Breast cancer is one of the leading causes of death in women. If detected at an early stage, immediate treatment may stop the spread of the cancer cells and eradicate them entirely.
Detection procedures that are commonly used include self breast examination, breast examination by a health professional, mammography, magnetic resonance imaging (MRI). Ultrasound and thermal imaging.
When a breast examination reveals the presence of a suspicious lump, the patient is usually sent for a mammogram for a closer examination of the growth. A mammogram is conducted by subjecting the breasts to radiation and compressing the breasts in between metal plates for a few seconds in order to get an x-ray image. Because of the discomfort and harmful radiation exposure that accompany a mammogram, it is usually not conducted at more than yearly intervals. In the meantime, changes in abnormal cells or cells with faster growth may go undetected.
Aside from a mammogram, thermal imaging can detect breast abnormalities in women. This procedure is less invasive than a mammogram and does not utilize harmful radiation to detect cancer cells. The idea behind thermal imaging is that the special thermal camera can sense heat energy emitted by increased blood flow and metabolism in specific areas of the breast. Increased blood flow indicates the presence of a suspicious growth in the area. Artificial color is used on the images to indicate varying degrees of temperature that distinguish abnormal cells from healthy tissues.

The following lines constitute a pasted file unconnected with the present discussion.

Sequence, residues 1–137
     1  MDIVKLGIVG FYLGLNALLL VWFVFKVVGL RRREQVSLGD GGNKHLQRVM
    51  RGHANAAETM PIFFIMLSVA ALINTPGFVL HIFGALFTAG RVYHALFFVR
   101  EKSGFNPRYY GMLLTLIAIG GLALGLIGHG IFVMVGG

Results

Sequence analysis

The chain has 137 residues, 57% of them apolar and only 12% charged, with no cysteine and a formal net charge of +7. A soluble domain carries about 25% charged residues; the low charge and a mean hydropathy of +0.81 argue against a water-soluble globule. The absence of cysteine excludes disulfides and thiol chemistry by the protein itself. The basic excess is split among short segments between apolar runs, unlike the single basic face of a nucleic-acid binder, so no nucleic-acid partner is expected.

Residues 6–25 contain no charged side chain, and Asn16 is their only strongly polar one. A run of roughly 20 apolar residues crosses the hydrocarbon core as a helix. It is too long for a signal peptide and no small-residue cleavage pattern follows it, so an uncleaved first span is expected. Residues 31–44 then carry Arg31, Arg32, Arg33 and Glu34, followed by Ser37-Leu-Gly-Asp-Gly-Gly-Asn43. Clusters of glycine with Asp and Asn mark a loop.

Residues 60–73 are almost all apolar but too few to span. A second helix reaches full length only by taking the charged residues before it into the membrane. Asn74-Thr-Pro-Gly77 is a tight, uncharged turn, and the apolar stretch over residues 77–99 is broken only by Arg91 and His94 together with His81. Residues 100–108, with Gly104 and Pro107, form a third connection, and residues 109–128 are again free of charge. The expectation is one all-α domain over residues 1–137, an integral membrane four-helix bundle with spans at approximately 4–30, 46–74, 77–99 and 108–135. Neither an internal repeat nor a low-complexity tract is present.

With thermal imaging, you will not experience discomfort or compression of the breasts. The procedure is fast and painless. All it takes is around fifteen minutes of your time to check your breasts for any abnormal formations. Your very first thermal image is stored and registered as your baseline scan. Future images will then be compared against your baseline image.
Mammograms may not be effective in detecting breast cancer in women younger than 50 years old because these women generally have denser breast tissue making it difficult for a mammogram to discover abnormal growth in the breast. A young woman in her 20s or 30s with a family history of breast cancer is often recommended thermal imaging to detect cancer cells as early as 10 years before a mammogram can detect them and obtain early treatment with more likelihood of success.
There is some concern about the additional risk posed by the radiation coming from a mammogram in those with existing cancer cells. Without risk of radiation exposure, thermal imaging allows fast-growing malignant tumours to be monitored more often than mammogram screenings could allow.
Women who have undergone reconstructive or cosmetic surgery of their breasts may not benefit from a mammogram. These women may still check their breasts for abnormalities with the help of thermal imaging.
While most women may have welcomed thermal imaging as a method for detecting breast cancer, the procedure still has its pitfalls as it has been found to produce false negatives and false positives in some situations. Pending further refinements in the technology of thermal imaging, it is best used with other screening procedures such as breast exam, mammogram, MRI and ultrasound, rather than as an alternative to any of the said procedures.